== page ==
The Fed came very close to promising a rate cut Wednesday, and now markets are focused on a possible July rate cut.Market Insiderread more
Markets had expected the central bank to keep its benchmark interest rate steady while setting up a cut at the July meeting.The Fedread more
Powell said policymakers are concerned about some of the recent economic developments and see a growing case for easier policy.The Fedread more
Amazon and Blue Origin founder Jeff Bezos gave more insight into his space company's lunar plans on Wednesday.Technologyread more
As the presidents of U.S. and China near a highly anticipated meeting on trade, the gap in both sides' expectations regarding a deal remains wide.World Politicsread more
Delta warned travelers that a technical problem could delay flights on Wednesday.Airlinesread more
The Fed chief said that despite reports that Trump was looking to demote or fire him, he doesn't plan on leaving anytime soon.The Fedread more
If the Trump administration and Congress fail to reach a spending agreement, the White House will offer to keep the government funded at its current levels for a year, Mnuchin...Politicsread more
With bold and targeted steps, economists say, government can increase opportunity and incomes for many more people in ways that strengthen, not weaken, American capitalism.Politicsread more
Investors need to be cautious because the economy will get hurt the longer the trade war drags on, Jim Cramer says.Mad Money with Jim Cramerread more
Slack Technologies' reference price was set at $26 per share, the New York Stock Exchange announced Wednesday evening.Technologyread more
With the risk of rising U.S. interest rates receding, now is the time for investors to end their underweight positions on emerging markets, Mark Mobius, executive chairman of Templeton Emerging Markets Group, told CNBC.
Mobius said emerging market bonds particularly looked attractive as companies were still paying healthy coupon rates at a time major central bank rates have slashed interest rates below zero or are at troughs.
One of the risks that drove funds out of emerging markets -- expectations of a more hawkish U.S. Federal Reserve -- appears to be fading. On Wednesday, the Fed cut its projection for the number of interest rate hikes it expects to make this year to just two from four and projected just two hikes in 2017. That was a more dovish move than was expected.
"Over the last three years, emerging markets have been hit by the threat of Fed increases. Now you have a situation where the Fed is hesitating and maybe even will cancel the idea of rate increases," Mobius told CNBC's Capital Connection. "So you have a situation where American investors and investors globally are beginning to think, wait a minute, U.S. markets are peaking, the U.S. dollar looks like it's peaked, maybe I should start diversifying out into other areas. "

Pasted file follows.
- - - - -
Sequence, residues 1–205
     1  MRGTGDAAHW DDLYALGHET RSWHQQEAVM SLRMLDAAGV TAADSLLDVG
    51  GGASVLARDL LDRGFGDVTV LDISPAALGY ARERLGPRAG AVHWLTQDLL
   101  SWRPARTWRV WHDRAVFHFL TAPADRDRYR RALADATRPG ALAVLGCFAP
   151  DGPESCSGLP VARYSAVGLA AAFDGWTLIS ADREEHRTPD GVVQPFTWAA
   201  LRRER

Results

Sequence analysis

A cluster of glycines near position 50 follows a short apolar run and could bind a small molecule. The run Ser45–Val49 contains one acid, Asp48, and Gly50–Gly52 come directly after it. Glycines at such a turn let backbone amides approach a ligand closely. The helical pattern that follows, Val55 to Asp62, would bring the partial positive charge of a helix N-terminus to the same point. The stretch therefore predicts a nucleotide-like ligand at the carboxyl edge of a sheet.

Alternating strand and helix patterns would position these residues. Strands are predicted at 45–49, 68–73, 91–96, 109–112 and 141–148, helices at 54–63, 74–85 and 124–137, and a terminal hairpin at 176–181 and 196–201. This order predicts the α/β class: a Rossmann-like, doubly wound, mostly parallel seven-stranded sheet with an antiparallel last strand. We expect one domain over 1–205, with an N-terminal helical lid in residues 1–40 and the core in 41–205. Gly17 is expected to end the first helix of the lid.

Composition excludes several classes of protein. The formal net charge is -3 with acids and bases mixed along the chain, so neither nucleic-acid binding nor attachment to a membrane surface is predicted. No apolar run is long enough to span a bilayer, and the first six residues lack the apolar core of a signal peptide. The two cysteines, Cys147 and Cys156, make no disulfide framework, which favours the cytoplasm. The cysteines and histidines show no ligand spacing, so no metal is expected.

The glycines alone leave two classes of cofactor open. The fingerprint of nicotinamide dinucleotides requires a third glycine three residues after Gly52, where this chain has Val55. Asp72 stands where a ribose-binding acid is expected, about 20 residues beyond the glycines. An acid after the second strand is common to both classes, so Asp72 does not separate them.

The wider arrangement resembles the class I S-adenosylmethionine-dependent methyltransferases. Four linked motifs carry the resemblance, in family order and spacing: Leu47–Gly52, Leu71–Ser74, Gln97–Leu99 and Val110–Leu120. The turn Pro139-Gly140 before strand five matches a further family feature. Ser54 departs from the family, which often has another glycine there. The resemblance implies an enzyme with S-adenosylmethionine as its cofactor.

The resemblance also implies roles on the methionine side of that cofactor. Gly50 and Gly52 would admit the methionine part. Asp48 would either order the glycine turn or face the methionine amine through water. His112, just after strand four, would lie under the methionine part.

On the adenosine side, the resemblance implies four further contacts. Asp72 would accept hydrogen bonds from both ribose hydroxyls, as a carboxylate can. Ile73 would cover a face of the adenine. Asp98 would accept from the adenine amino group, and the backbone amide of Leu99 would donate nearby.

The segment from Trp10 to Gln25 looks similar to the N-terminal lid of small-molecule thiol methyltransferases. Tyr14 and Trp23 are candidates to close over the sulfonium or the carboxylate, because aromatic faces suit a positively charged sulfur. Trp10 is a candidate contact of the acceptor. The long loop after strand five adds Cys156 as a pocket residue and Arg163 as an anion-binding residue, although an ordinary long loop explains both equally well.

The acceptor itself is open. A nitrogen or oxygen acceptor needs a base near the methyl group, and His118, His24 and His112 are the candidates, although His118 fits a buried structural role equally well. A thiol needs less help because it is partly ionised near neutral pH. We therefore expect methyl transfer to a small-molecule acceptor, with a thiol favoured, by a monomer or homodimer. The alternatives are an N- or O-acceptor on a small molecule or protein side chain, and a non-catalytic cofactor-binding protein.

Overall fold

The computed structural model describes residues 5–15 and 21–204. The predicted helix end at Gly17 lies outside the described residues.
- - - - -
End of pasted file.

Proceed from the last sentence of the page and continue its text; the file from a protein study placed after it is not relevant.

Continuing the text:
Emerging markets represent around 30 percent of global equity market capitalization and gross domestic product (GDP), according to Mobius, and by that metric, if investors own less than that, they're underweight, he said, adding most investors now "are severely underweight in emerging markets."
That's borne out by the Bank of America-Merrill Lynch fund manager survey for March. It found that a net 11 percent of global fund managers are underweight emerging market equities, although that's an improvement from last month's net 23 percent underweight. Fund managers have been net underweight emerging market equities for 15 straight months, the survey found.
But there are signs the aversion is shifting. Around 26 percent of fund managers in the survey identified being short emerging markets as the most crowded trade this month.
He noted that in light of several central banks turning to negative interest rate policies, including the Bank of Japan and the European Central Bank, emerging market bonds are looking more attractive.
"Companies are doing pretty well and they're offering very high rates," he said. "If you're issuing a bond at 6, 7 or 8 percent in U.S. dollar terms, that's extremely attractive for somebody sitting in the U.S. with a negative rate."
Franklin Templeton Investments has around $714 billion under management.
Mobius isn't alone in seeing value in emerging markets.
"As long as you have a Fed that's anchored to being more dovish, that's going to tend to be more supportive to emerging markets," Greg David, head of fixed income at Vanguard, told CNBC. "We think there's value there and as long as the Fed is somewhat dovish, we think it can outperform the broader market."
Follow CNBC International on and Facebook.
—By CNBC.Com's Leslie Shaffer; Follow her on Twitter